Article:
Gilbert Harding Speaks Out

In an interview with ELIZABETH GRAY, TV’s most provocative personality gives his views on thirty-four subjects

Cover of TV Mirror
From the TV Mirror for 9 October 1954
EVERYBODY has heard of Mr. Harding. Practically everybody knows practically everything about Mr. Harding. But nobody knows what Mr. Harding will say — at any given moment on any given subject.

I, for one, would listen to Mr. Harding — at any given moment on any given subject — practically indefinitely. He is an excellent host, brilliant conversationalist, hideous opponent and — in a way — a poet. At once a phenomenon and a horror-child of the entertainment world.

His views on particular subjects at this particular moment are as follows. Do you agree with any of them at all? If not, do you think you would be prepared to argue the toss — to his face? And maintain your objections under fire from that alert legal brain, or charming humorous coercion? (And not knowing which you’ll get!)

I gave up. Being too entertained, stimulated and generally bemused, I just went on asking questions. Mr. Harding, in a sunny mood, went on answering. I enjoyed myself vastly. Mr. Harding got exceedingly hot. We parted good friends — he liked my hat.

Mr. Harding’s views on:—

People. I like all kinds of people for no particular reasons. There are a great many people who are very pleasant but whom I dislike intensely. And there are a great many people who are very unpleasant and I love them.

Public Figures. I admire some — envy others — and pity most. Dislike (for no particular reason) popular clergymen and evangelists. I hate people who pretend to pedal salvation.

Books. I like all books. Read practically everything except what I’ve outgrown. But the more I read modern novels, the more I find I go back to Jane Austen and biographies, histories, and books on travel — but I go on reading them.

Poetry. Oh yes. I’m very fond of poetry. And am firmly convinced it should be read aloud. Even by yourself. Apart from the steady romantics, Keats, Shelley, Tennyson, Byron, I’m extremely fond of the poetry of John Betjeman and John Pudney, and of Dylan Thomas and Louis MacNeice.

Paintings. Hmmm. Very partial to paintings. One of the few ways in which I have grown up is that I now tend to buy new ones rather than reproductions of old ones. I never say a painting’s bad — but sometimes that I can’t understand it. (I loathe formal “coloured photograph” painting and am unable to appreciate modern portrait painting, over which most people enthuse — but I put that down to lack of information.)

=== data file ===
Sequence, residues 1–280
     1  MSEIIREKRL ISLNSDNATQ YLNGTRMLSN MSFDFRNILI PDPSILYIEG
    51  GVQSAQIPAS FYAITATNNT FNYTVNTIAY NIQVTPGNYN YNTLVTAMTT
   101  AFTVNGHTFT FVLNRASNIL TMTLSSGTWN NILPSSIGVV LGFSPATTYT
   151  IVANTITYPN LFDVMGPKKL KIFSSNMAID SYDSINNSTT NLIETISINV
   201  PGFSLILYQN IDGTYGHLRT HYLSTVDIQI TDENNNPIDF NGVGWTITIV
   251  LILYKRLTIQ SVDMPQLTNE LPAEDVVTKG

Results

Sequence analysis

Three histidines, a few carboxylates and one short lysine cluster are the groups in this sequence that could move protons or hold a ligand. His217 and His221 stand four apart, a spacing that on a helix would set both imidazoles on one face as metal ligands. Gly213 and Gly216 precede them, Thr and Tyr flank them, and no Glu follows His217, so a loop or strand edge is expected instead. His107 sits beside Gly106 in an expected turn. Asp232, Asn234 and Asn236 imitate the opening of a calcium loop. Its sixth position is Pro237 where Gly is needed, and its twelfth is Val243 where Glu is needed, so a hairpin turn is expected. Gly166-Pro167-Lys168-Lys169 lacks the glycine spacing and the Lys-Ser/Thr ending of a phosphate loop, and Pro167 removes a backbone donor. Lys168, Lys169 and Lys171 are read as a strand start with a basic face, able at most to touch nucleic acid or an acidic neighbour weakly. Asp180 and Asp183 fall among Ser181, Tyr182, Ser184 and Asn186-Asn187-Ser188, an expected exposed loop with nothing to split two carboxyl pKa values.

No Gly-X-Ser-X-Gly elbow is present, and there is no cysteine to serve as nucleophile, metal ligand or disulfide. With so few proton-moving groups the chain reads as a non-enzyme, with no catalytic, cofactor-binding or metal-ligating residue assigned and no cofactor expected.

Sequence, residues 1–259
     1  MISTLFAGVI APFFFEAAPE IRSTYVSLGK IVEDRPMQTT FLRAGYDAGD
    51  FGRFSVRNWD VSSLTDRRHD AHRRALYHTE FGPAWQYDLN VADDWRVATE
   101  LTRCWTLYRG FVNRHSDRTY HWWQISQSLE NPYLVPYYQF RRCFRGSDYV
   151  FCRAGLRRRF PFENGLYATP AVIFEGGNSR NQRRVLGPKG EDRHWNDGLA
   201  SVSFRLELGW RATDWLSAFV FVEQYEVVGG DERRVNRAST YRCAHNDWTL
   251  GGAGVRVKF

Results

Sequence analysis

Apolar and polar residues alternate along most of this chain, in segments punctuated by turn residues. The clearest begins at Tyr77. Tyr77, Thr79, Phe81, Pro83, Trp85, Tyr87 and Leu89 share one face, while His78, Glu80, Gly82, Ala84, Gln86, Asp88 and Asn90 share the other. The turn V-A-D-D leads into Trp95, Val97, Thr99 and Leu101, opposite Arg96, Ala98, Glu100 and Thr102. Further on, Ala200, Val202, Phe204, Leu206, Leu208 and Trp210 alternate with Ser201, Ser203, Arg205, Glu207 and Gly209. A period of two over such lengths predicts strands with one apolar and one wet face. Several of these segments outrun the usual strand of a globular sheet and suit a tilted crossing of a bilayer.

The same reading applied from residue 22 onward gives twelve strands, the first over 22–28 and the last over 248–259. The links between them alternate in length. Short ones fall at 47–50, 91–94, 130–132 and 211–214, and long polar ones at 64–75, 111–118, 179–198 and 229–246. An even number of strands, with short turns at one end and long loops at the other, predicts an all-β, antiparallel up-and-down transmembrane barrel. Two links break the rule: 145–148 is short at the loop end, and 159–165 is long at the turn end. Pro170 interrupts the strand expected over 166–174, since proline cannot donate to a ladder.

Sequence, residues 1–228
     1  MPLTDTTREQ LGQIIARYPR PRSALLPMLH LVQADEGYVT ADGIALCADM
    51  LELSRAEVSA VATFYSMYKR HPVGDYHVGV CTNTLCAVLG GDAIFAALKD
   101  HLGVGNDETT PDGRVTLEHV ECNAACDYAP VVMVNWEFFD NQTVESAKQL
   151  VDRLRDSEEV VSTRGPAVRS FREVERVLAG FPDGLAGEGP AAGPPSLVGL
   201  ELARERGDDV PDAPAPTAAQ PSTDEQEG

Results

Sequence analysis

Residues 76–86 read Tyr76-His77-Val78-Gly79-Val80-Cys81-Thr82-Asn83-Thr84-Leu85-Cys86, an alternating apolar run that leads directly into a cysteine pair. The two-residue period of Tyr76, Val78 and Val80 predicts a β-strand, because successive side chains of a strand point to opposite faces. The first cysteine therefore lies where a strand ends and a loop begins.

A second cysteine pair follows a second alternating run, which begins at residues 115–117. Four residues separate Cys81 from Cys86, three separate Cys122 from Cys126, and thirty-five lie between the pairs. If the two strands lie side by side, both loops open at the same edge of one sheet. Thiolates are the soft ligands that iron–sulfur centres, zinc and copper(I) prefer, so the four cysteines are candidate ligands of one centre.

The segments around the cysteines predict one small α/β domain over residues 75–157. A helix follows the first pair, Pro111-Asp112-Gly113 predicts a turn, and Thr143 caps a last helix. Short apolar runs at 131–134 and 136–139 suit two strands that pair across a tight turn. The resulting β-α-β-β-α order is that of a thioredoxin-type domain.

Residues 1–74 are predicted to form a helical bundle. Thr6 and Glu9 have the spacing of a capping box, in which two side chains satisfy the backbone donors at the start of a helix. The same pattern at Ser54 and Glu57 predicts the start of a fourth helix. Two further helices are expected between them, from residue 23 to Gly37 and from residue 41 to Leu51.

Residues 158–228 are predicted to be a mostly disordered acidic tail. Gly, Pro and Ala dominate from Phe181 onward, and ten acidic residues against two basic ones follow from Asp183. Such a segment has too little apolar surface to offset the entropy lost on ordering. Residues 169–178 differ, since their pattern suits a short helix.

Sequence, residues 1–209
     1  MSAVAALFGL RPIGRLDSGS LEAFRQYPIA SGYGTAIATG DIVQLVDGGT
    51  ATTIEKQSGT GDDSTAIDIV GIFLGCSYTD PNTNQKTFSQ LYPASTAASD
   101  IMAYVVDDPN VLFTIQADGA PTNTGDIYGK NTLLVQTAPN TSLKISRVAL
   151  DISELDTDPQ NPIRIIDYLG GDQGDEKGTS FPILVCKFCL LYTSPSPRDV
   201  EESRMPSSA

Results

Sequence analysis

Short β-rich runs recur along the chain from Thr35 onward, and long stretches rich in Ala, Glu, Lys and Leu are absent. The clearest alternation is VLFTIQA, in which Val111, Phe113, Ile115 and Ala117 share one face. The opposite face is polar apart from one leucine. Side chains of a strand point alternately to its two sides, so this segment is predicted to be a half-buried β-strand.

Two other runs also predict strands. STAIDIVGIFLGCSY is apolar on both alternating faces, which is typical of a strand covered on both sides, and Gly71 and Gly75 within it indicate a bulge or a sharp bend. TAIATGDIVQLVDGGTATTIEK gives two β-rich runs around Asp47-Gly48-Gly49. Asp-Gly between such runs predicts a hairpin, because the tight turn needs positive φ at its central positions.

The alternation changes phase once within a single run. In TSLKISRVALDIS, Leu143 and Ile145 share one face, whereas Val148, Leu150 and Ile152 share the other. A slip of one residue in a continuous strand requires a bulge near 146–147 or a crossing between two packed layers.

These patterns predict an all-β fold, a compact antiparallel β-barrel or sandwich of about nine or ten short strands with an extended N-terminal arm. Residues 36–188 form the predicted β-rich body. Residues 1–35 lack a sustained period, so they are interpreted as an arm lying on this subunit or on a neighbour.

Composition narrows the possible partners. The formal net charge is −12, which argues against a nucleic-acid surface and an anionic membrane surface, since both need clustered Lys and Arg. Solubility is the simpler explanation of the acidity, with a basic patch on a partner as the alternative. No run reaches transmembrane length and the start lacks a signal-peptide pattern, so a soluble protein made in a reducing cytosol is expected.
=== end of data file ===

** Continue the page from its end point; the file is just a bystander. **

Sculpture. Same goes for that. And without understanding why at all, I’m very addicted to the works of Henry Moore — they fascinate me.

Dress. Don’t mind as long as it’s colourful and attractive. I’m talking of women’s dress. I’ve a great dislike of trousers and “cloths” worn round the head; can’t bear them. Men? Wish they would be more colourful and less conservative, but suppose it’s too late to worry about that.

Manners. My own are so bad that I dislike having to put up with the bad manners of others.

Newspapers. Read them all, with very few exceptions. I think, in general, the so-called “popular press” displays an unpleasant and quite often unhealthy curiosity about what can’t possibly concern it or anyone else.

Social Occasions. I detest all kinds of parties, especially the all-too-common kind of so-called cocktail party. To which too many people go, and make too much noise in too little space and drink far too much far too quickly, or what’s not worth drinking anyway. I can’t understand why it is that people aren’t content to spend an occasional evening at home with a few friends, instead of acquiring a headache in an hour and a half in a room full of strangers.